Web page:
Limited Editions

History of Joseph Smith and the Church of Jesus Christ of Latter-day Saints

History of Joseph Smith V1
Published serially in Illinois from 1842 to 1846 in the church’s Times and Seasons, then in Utah in the Deseret News from 1851 to 1857, the history was subsequently revised and published as six volumes by assistant church historian B. H. Roberts from 1902 to 1912. While he improved the text, researchers have long recognized the need for an edition based on professional historical and editing standards.

Significant Textual Changes in the Book of Mormon

Significant BoM
As the Book of Mormon went to press in 1830, the typesetter made grammatical corrections as he proofread the printed sheets. Rather than starting over, he simply placed the corrected sheets on top of the stack waiting to be collated. Because this process was repeated throughout the printing phase, it is likely that every surviving copy of the book’s first edition is unique. Here, presented for the first time,...

Cowboy Apostle

Cowboy Apostle:The Diaries of Anthony W. Ivins, 1875- 1932
Anthony W. Ivins was one of the witnesses to the execution of John D. Lee for Lee’s role in the Mountain Meadows Masscre. He was an early Arizona explorer, cowboy, game hunter, politician, stake president of the Mormon colonies in Mexico, Apostle, and member of the LDS first presidency. He performed Mormon plural marriages in Mexico in the 1890s, following the revelation of Wilford Woodruff known as the...

Later Patriarchal Blessings of the Church of Jesus Christ of Latter-day Saints

Later Patriarchal Blessings
This work contains over 800 blessings performed 1835-1995 by the presiding patriarchs of the LDS Church; Uncle John Smith (brother of Joseph Smith Sr.), John Smith (son of Hyrum Smith), Hyrum G. Smith (great-grandson of Hyrum Smith), Joseph Fielding Smith (great-grandson of Hyrum Smith), and Eldred G. Smith (great-great-grandson of Hyrum Smith). Although Mormonism offers many unique practices and rituals, patriarchal blessings stand out among them because of their personal...

Candid Insights of a Mormon Apostle: The Diaries of Abraham H. Cannon, 1889-1895

Candid Insights of a Mormon Apostle
Abraham H. Cannon was the fourth son of early Mormon insider, apostle, publisher and pioneer George Q. Cannon. Because of his father's prominence, he was introduced to the highest realms of Church and Utah territorial leadership at an early age--an advantage which set the stage for Abraham to make significant historical contributions himself. As a bonus to modern historians, his diaries flow like few others from the late nineteenth...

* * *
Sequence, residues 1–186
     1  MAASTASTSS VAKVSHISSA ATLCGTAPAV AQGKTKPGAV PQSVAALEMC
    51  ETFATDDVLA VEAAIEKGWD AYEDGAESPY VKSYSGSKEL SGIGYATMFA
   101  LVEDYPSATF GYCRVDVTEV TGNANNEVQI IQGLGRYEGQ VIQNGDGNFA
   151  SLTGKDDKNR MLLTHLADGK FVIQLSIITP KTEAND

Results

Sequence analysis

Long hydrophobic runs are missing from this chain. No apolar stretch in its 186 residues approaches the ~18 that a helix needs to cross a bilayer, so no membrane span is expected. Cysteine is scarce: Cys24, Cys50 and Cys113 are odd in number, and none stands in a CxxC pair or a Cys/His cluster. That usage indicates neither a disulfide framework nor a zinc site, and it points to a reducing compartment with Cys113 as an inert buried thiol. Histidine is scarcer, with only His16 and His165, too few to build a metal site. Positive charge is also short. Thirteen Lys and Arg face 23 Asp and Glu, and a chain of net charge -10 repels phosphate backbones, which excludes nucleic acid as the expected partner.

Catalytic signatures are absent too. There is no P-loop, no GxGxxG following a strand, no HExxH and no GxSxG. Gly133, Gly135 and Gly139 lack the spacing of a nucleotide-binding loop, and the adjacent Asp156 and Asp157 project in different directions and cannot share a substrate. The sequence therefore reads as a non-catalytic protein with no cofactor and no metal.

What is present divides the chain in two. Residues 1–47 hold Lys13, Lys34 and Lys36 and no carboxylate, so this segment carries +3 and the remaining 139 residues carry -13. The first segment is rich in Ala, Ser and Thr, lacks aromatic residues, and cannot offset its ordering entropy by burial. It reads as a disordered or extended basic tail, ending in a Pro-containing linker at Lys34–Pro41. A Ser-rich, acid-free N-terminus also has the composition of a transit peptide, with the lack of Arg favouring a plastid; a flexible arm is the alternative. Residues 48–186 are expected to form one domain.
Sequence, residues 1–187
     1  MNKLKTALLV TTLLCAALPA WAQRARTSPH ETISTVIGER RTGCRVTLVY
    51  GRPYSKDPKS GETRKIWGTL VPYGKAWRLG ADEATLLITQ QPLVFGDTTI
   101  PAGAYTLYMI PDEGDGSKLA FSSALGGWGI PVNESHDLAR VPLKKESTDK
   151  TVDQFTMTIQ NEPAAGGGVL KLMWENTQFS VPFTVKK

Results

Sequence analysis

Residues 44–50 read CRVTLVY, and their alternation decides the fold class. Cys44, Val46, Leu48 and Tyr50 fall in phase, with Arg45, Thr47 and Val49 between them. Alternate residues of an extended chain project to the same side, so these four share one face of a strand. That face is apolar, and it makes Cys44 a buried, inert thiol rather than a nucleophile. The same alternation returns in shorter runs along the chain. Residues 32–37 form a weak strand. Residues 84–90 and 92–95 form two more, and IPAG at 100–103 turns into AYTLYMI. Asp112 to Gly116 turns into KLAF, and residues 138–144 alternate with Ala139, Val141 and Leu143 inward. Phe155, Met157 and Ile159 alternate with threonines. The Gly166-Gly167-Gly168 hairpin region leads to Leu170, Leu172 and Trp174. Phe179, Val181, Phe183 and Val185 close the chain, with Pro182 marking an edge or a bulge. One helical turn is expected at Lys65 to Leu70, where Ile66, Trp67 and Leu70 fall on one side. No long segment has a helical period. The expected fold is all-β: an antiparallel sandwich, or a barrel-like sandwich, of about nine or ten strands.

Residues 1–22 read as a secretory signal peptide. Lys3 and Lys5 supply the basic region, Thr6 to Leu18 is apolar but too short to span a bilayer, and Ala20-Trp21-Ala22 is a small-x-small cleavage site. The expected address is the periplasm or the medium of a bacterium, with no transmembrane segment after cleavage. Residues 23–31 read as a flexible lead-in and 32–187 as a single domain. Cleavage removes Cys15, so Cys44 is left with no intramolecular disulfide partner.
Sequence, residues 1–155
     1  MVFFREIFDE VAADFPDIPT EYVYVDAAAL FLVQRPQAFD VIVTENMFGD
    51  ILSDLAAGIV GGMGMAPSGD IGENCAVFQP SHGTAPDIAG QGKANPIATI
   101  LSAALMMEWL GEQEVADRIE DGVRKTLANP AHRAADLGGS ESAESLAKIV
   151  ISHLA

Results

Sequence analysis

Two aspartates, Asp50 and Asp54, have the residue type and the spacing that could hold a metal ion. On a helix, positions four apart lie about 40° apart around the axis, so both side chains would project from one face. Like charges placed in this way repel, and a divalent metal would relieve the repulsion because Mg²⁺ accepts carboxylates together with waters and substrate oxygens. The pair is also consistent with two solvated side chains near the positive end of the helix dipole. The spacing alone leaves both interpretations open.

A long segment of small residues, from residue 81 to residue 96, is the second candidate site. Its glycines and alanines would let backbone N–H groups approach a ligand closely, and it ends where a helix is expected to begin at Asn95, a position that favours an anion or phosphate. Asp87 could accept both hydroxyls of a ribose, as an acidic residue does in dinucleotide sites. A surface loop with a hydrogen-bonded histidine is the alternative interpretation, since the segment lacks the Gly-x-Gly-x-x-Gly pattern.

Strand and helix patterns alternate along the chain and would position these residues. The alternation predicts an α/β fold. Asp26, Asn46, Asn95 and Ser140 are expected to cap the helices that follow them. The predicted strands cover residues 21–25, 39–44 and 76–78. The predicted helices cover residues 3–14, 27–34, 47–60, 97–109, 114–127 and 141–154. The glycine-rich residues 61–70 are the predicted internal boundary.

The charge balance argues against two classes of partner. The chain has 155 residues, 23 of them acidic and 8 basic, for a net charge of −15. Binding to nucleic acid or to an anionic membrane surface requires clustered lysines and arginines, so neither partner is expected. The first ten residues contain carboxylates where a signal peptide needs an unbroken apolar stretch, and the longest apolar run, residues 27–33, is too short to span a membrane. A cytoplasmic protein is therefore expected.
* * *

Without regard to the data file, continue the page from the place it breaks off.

Mormon Democrat

The Religious and Political Memoirs of James Henry Moyle
James Henry Moyle was Assistant Secretary of the Treasury under U.S. president Woodrow Wilson, Commissioner of Customs under President Theodore Roosevelt, and special assistant to treasury secretary Henry Morgenthau. He was also president of the LDS Eastern States Mission.

History’s Apprentice

The Diaries of B. H. Roberts
These diaries cover a decade, 1880-1898, in which Roberts was active in Utah as a young church leader. They are his apprenticeship years when he developed the skills that would characterize the rest of his career. Besides illuminating the character of the man himself, they also add much to our knowledge of this pivotal time in history.

Danish Apostle

Danish Apostle
Lund converted to Mormonism, immigrated to the United States, and became an apostle and later counselor to the LDS church president—also Salt Lake temple president and Church Historian. His diaries cover the tensions between Apostle Moses Thatcher and his colleagues; the rejection by the U.S. House of Representatives of Utah's Congressman, B. H. Roberts; the stormy hearings over whether to seat LDS apostle Reed Smoot in the U.S. Senate;...

In the World

The Diaries of Reed Smoot
It was because of Smoot's political clout that Mormon immigrants were allowed to leave Ellis Island; that LDS colonists in Chihuahua were provided safe passage out of Mexico; and that missionaries were allowed back into Australia, Europe, New Zealand, and South Africa after World War I. On the other hand, his protection of Mormon sugar interests in Idaho and Hawaii caused instability in Cuba, his insistence on punitive reparations...

In the President’s Office

In the President's Office
In 1886 John Nuttall was famously on the polygamy "underground" with LDS President John Taylor. The revelation confirmed the continuance of polygamy less than a year before the Manifesto would reverse that determination. In 1889 the issue of concern was a federal challenge to Mormon citizenship because of suspicion that Mormons swore an oath of vengeance against the United States as part of the temple ceremony.